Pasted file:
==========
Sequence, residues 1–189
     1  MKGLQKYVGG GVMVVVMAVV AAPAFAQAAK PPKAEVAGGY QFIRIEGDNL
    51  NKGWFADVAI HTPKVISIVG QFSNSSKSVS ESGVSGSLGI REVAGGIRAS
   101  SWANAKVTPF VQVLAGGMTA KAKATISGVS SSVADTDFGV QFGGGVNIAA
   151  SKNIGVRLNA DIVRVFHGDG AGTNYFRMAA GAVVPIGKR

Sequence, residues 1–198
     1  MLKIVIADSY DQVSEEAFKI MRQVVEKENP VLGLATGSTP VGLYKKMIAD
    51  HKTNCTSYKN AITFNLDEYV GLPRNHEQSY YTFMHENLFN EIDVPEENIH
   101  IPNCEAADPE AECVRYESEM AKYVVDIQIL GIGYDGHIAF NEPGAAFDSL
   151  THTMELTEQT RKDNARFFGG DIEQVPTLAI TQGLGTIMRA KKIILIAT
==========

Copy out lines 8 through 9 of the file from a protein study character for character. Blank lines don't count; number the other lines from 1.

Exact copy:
    51  HKTNCTSYKN AITFNLDEYV GLPRNHEQSY YTFMHENLFN EIDVPEENIH
   101  IPNCEAADPE AECVRYESEM AKYVVDIQIL GIGYDGHIAF NEPGAAFDSL